Prove derivative of an odd function is even and vise versa.

  • Thread starter yungman
  • Start date
  • #1
5,598
213

Homework Statement


Prove if f(x) is defined on -L< x < L, and if f(x) is odd function on (-L,L), the f'(x) is even function. and vise versa.


Homework Equations



Using Fourier series expansion, f(x) is odd function on (-L,L) can be represented by Fourier sine series expansion. If f(x) is even function on (-L,L), the it can be represented by cosine series.



The Attempt at a Solution



By series expansion of odd and even function, if f(x) is odd and represented by sine series, then the derivative of the sine series is cosine series and it become an even function. And the reverse is true from even to odd by derivative.


Anyone have a better way of proving this than what I have instead of refering to series expansion?
 

Answers and Replies

  • #2
gabbagabbahey
Homework Helper
Gold Member
5,002
7
You could use the limit definition of f'(-x) to show that it is equal to f'(x)
 
  • #3
430
3
Let [itex]n(x) = -x[/itex] so basically just a "negation function". To say that f is even is to say f(x)=f(-x) or in other words [itex]f = f \circ n[/itex], and to say it's odd is to say -f(x)=f(-x) or in other words [itex]-f = f\circ n[/itex].

Now use:
[tex](f \circ n)(x)' = f'(n(x)) n'(x) = -f'(-x)[/tex]
in both cases.
 
  • #4
5,598
213
Let [itex]n(x) = -x[/itex] so basically just a "negation function". To say that f is even is to say f(x)=f(-x) or in other words [itex]f = f \circ n[/itex], and to say it's odd is to say -f(x)=f(-x) or in other words [itex]-f = f\circ n [/itex].

Now use:
[tex](f \circ n)(x)' = f'(n(x)) n'(x) = -f'(-x)[/tex]
in both cases.

Is [tex]f\circ n = f(n(x))=f(-x)?[/tex]
 
Last edited:
  • #5
Office_Shredder
Staff Emeritus
Science Advisor
Gold Member
2021 Award
5,042
1,037
Yes it is
 
  • #6
5,598
213
Let [itex]n(x) = -x[/itex] so basically just a "negation function". To say that f is even is to say f(x)=f(-x) or in other words [itex]f = f \circ n[/itex], and to say it's odd is to say -f(x)=f(-x) or in other words [itex]-f = f\circ n[/itex].

Now use:
[tex](f \circ n)(x)' = f'(n(x)) n'(x) = -f'(-x)[/tex]
in both cases.

Let me clarify:

A) Let f(x) be even:

[tex]\Rightarrow f(-x)=f(x)[/tex]

[tex]f(-x)= f(n(x)) =f(x)\Rightarrow [f(n(x))]'=f'(x)[/tex] (1)

[tex] [df(n(x))]' =f'(nx)n'(x)=-f'(n(x))=-f'(-x)[/tex] (2)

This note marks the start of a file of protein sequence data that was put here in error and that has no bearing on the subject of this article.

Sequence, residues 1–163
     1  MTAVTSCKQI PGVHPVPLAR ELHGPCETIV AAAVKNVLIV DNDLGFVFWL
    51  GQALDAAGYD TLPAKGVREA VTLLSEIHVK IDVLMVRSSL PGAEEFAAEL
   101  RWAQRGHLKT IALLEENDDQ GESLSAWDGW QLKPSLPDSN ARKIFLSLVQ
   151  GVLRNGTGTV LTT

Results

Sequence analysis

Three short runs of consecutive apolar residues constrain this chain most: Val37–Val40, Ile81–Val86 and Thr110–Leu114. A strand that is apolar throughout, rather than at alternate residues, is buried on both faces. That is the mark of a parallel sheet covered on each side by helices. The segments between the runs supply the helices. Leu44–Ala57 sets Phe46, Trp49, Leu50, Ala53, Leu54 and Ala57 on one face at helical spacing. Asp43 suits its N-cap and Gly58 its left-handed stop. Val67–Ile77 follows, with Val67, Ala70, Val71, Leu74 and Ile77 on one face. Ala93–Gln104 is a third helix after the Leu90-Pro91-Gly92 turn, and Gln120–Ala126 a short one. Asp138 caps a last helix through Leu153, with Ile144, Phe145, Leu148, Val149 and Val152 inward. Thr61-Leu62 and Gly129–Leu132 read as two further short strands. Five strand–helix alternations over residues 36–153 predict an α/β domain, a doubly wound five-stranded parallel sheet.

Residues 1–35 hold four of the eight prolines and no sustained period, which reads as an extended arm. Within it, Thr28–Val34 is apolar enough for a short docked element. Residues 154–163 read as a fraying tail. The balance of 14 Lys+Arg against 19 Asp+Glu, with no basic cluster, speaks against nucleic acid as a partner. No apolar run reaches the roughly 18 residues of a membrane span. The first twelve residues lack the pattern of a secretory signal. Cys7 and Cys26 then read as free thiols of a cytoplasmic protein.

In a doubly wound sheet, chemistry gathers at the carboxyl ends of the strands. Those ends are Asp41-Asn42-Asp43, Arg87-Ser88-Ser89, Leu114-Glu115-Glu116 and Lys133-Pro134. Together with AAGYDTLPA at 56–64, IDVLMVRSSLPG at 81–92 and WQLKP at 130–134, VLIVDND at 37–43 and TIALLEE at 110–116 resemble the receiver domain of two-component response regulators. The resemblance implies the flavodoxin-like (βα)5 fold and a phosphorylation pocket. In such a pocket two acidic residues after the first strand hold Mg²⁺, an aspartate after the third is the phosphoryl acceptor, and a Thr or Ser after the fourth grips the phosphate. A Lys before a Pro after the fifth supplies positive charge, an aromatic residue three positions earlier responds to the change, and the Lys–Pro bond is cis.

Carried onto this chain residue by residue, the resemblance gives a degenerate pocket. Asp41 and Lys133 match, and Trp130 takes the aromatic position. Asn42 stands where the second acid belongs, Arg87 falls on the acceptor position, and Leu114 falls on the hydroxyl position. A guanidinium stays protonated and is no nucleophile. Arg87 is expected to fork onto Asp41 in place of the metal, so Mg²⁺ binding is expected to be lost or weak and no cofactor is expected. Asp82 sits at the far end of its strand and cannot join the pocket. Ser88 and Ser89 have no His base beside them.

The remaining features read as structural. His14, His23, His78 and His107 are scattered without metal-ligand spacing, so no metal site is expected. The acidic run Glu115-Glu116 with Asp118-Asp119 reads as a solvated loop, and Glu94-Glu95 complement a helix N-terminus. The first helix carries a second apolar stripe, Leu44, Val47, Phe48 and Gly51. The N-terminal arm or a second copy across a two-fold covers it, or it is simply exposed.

(1) and (2)[tex]\Rightarrow f'(x)=-f'(-x)[/tex]

Therefore if f(x) is even, f'(x) is odd.




B) Let f(x) be odd:

[tex]\Rightarrow f(-x)=-f(x)[/tex]

[tex]f(-x)= f(n(x)) =-f(x)\Rightarrow [f(n(x))]'=-f'(x)[/tex] (3)

[tex] [df(n(x))]' =f'(nx)n'(x)=-f'(n(x))=-f'(-x)[/tex] (4)

(3) and (4)[tex]\Rightarrow -f'(x)=-f'(-x)[/tex]

Therefore if f(x) is odd, f'(x) is even



Tell me whether I got this right? Does this apply to integration that integrate of an odd function is an even function plus a constant and vise versa?

Thanks

Alan
 
  • #7
430
3
Tell me whether I got this right?
Yes you did.

Does this apply to integration that integrate of an odd function is an even function plus a constant and vise versa?

Given a function f(x) that is integrable on the appropriate intervals define:
[tex]F(x) = \int_0^x f(t) dt[/tex]
Then you wish to show that f(x) is odd imply F(x) even, and f(x) even imply F(x) odd. In general we have the identity:
[tex]\int_a^b f(t) dt = -\int_{-a}^{-b}f(-t)dt[/tex]
You can use that to write:
[tex]F(-x) = \int_0^{-x} f(t)dt = -\int_0^x f(-t) dt[/tex]
Now you can use f(-t)=f(t) or f(-t)=-f(t) depending on whether you're in the odd or even case to investigate how F(-x) relates to F(x).
 
  • #8
5,598
213
Yes you did.



Given a function f(x) that is integrable on the appropriate intervals define:
[tex]F(x) = \int_0^x f(t) dt[/tex]
Then you wish to show that f(x) is odd imply F(x) even, and f(x) even imply F(x) odd. In general we have the identity:

[tex]\int_a^b f(t) dt = -\int_{-a}^{-b}f(-t)dt[/tex]
You can use that to write:
[tex]F(-x) = \int_0^{-x} f(t)dt = -\int_0^x f(-t) dt[/tex]
Now you can use f(-t)=f(t) or f(-t)=-f(t) depending on whether you're in the odd or even case to investigate how F(-x) relates to F(x).

Thanks for your help, I need to verify again.


Let u=-t, therefore du=-dt. Also the integration of t from -a to -b imply integration of u from a to b.

[tex]\Rightarrow -\int_{-a}^{-b}f(-t)dt = \int_{a}^{b}f(u)du = F(b)-F(a)[/tex]


[tex]\int_{a}^{b}f(t)dt = F(b)-F(a)\Rightarrow \int_a^b f(t) dt = -\int_{-a}^{-b}f(-t)dt = F(b)-F(a)[/tex]

[tex]\Rightarrow F(x)=\int_0^x f(t)dt = -\int _0^{-x}f(-t)dt[/tex]

If f(x) is even, f(-t)=f(t):

[tex]\Rightarrow F(x)=\int_0^x f(t)dt = -\int _0^{-x}f(-t)dt = -\int _0^{-x}f(t)dt = -[F(-x)-F(0)] = -F(-x)[/tex]

This give F(x)=-F(-x) which imply if f(x) is even, F(x) is odd. Therefore integration of an even function gives an odd function.

There other way would be the same that integrate of an odd function give an even function.

Am I correct?
 

Related Threads on Prove derivative of an odd function is even and vise versa.

Replies
2
Views
2K
Replies
12
Views
8K
  • Last Post
Replies
4
Views
1K
  • Last Post
Replies
5
Views
1K
  • Last Post
Replies
7
Views
3K
Replies
1
Views
658
Replies
10
Views
1K
  • Last Post
Replies
1
Views
1K
  • Last Post
Replies
18
Views
13K
  • Last Post
Replies
4
Views
1K
Top